Showing Collections: 91 - 120 of 192
The collection contains paper files from the later decades of Gümpel's career, including correspondence (notably, correspondence with Michel Huglo), transcriptions of medieval treatises, as well as notes, notebooks and index cards on various manuscripts. Near the end of his life, Gümpel was working on an edition of the anonymous 12-13th century treatise Diologus de musica, and there are many items related to this work in progress.
More than 300 personal letters written by Dr. Lawrence Shields (1872-1946), mostly as a member of the American expatriate community in Mexico City, 1898 to 1902. The letters are directed to Shields's future wife, Clara Kinney, of Xenia, Ohio.
A collection of personal letters written by Arthur Le Rossignol to his sister, Ethel, while he served in the British Motor Machine Gun Corps on the Western Front during World War I. Also included are letters written by Ethel, her colleague Pierre Pulinekse, and others.
The correspondence and other papers of the American Lenore Mooney (1859-1941), dating especially from her time as a relief worker in Paris during World War I. There are many letters to Mooney from French soldiers and others victimized by the war, as well as a substantial correspondence with nephew Charles E. Bayly, Jr., an ambulance driver with the American Field Service who subsequently served as sous-lieutenant in the French army.
Manuscripts and other materials relating to the Confederate army service of the brothers Henry, Martin, Robert, and Joseph Leonard, of Iredell County, North Carolina, including records of Co. C, 48th North Carolina Infantry.
The collection consists of personal letters (1974-1980) from L.F. Konson to his cousin, Maya Konson (b. 1931) and her family, who had immigrated to Israel in 1974.
Correspondence and ephemera relating to Brendan Behan.
This collection consists of ten letters sent from Edward Plunkett, 18th Baron of Dunsany to a Mrs. Wieland, largely concerning advice and critiques of her poetry. Additionally discusses Dunsany’s opinions on the publishing world.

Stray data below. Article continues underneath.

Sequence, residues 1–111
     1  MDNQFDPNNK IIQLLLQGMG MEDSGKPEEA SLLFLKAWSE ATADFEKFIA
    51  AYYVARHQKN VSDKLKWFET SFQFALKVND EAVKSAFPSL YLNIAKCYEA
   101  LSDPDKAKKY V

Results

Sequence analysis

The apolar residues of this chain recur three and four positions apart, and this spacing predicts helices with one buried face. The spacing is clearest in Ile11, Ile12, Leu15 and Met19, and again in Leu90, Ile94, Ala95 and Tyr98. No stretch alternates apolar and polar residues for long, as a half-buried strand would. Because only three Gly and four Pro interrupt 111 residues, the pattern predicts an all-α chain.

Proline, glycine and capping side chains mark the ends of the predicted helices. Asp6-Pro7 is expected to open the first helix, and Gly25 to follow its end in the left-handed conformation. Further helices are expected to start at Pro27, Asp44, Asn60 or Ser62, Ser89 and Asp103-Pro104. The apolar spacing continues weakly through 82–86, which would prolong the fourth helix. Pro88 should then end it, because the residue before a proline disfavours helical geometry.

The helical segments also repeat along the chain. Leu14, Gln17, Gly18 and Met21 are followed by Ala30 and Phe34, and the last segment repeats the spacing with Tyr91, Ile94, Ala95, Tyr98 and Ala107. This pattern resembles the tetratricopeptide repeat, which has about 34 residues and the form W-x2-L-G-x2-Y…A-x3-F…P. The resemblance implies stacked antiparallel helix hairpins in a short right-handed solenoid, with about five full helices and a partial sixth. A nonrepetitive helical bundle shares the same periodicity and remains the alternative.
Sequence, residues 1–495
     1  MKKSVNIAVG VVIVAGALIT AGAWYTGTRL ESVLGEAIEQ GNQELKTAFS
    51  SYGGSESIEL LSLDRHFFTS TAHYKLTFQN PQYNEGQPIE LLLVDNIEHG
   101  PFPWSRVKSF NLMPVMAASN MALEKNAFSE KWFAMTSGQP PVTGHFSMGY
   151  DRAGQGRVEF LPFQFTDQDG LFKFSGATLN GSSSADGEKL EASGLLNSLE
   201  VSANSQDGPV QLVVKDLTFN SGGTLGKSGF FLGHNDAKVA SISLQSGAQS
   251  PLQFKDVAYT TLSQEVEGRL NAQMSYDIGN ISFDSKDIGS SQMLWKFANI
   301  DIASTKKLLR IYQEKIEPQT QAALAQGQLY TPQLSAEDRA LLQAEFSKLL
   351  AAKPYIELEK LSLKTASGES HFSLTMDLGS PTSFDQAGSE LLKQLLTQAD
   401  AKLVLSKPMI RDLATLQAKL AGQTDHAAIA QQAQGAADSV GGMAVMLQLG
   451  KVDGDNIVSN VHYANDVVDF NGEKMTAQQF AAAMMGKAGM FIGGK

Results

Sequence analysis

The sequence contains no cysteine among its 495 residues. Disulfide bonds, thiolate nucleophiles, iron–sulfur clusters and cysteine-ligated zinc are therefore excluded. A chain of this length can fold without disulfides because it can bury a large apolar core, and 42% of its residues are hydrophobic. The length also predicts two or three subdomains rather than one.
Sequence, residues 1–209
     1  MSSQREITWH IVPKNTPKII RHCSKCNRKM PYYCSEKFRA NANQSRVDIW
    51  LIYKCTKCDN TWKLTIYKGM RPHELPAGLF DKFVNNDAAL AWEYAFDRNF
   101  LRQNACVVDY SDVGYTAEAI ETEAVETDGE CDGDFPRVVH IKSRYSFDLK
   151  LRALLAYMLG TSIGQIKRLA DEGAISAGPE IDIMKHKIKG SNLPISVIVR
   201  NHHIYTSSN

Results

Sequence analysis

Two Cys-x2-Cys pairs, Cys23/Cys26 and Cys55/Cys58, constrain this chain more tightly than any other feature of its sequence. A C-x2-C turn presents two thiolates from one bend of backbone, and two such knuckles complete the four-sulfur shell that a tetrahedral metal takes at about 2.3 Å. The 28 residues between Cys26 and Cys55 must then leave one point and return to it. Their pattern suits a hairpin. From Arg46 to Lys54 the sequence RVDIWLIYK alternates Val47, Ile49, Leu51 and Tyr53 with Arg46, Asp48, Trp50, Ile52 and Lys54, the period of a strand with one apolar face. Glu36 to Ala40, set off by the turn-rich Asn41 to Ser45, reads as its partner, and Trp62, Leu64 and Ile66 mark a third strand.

This small collection consists of one letter written by Louisa May Alcott, one letter written on her behalf by her London publisher, one inscribed photographic portrait, and one page from the manuscript of the novel, Jack and Jill: a Village Story.
A group of 33 manuscript letters, written by Louise Chandler Moulton (1835-1908), who wrote poetry, fiction, and literary criticism. Many of the letters, for example, those addressed to Fred Holland Day (1864-1933), a publisher and photographer, deal with the literature of the day.
The papers of Louise Imogen Guiney (1861-1920) are comprised of letters, postcards, and a limited number of papers. The majority of the letters and postcards were written by Guiney to J. R. Tutin, a publisher located in Hull, Yorkshire, who hoped to revive interest in 17th c. literature.
A 4-page folio-sized letter written on 15 November 1862 by Confederate private M. A. Harvey, Co. B, 8th Texas Cavalry, describing actions during Bragg's invasion of Kentucky in September-October.
This collection consists of letters received by Magdalena Harriague. The majority of the letters contain commentaries from contemporary writers and critics of Latin America and Spain on Harriague’s work; however there are also personal letters from contemporaries and friends. Materials include letters and postcards.
A collection of 100 manuscript personal letters written by American textile artist Marian Stoll to her friend Elizabeth Morison, all dated between 1928 and 1938. The letters describe aspects of her professional life as well as her experiences living in Paris, Athens, and later, the U.S.
A collection consisting primarily of some 200 manuscript personal letters directed to Marie Balje Kimball (1873-1967) of Fulton County, New York. Included are a series of 22 letters written by a missionary friend in Turkish Armenia, 1908-10, and a series of 17 written from New York City in early 1919 by Marie Kimball's socialist and labor activist husband, Harry Kimball.
A pair of manuscript letters, each dated 4 October 1862, written to the Philadelphia Quaker Mary Bettle by two relatives, Sophia Jones and Elizabeth Williams. An enclosure in Jones's letter describes audiences of the Ohio Yearly Meeting of Friends with Salmon P. Chase, Edwin M. Stanton, and Lincoln, regarding exemption from the draft.
A four-page folio-sized manuscript letter written on 28-29 April 1862 by Mary Crowell of Nora, Illinois. Much of the letter is given over to news of members of Co. E, 15th Illinois Infantry, recently engaged at the battle of Shiloh.
This collection of the papers of the American librarian and editor Mary Eileen Ahern (1860-1938) consists primarily of incoming letters, many from prominent library professionals.
This collection consists of twelve incoming letters written to Mary T. McCouattria, an African American schoolteacher from Rome, Georgia.
The collection includes more than 50 manuscript letters written during the Civil War by Pvt. John William Masterson, Co. A, 133rd New York Infantry, as well as later papers relating to Masterson's service and to his son William and daughter Ida.
A collection of more than 500 personal letters directed to Frank and Ruth McCracken at Toston, Montana. The letters span the years between the wars; most were written by relations and acquaintances in Minnesota, Montana, and (especially) North Dakota. In addition to personal and social content, there is much allusion to the broader economic, geographic, and cultural forces that shaped life on the Northern plains in the 1920s and 30s.
A group of 27 personal letters written by, to, or about James Monroe Meek, an East Tennessee lawyer and legislator jailed by the Confederates for his Unionist sympathies. Most of the correspondence dates from the Civil War.